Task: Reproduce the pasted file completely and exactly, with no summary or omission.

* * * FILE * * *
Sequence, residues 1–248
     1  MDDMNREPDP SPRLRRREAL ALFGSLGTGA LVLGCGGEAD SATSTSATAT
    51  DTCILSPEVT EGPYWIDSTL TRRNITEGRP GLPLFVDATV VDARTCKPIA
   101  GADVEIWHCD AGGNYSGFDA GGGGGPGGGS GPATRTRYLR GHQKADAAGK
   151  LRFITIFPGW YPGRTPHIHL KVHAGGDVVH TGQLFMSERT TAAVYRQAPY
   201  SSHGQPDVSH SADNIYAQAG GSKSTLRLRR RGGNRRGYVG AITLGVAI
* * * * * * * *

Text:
Sequence, residues 1–248
     1  MDDMNREPDP SPRLRRREAL ALFGSLGTGA LVLGCGGEAD SATSTSATAT
    51  DTCILSPEVT EGPYWIDSTL TRRNITEGRP GLPLFVDATV VDARTCKPIA
   101  GADVEIWHCD AGGNYSGFDA GGGGGPGGGS GPATRTRYLR GHQKADAAGK
   151  LRFITIFPGW YPGRTPHIHL KVHAGGDVVH TGQLFMSERT TAAVYRQAPY
   201  SSHGQPDVSH SADNIYAQAG GSKSTLRLRR RGGNRRGYVG AITLGVAI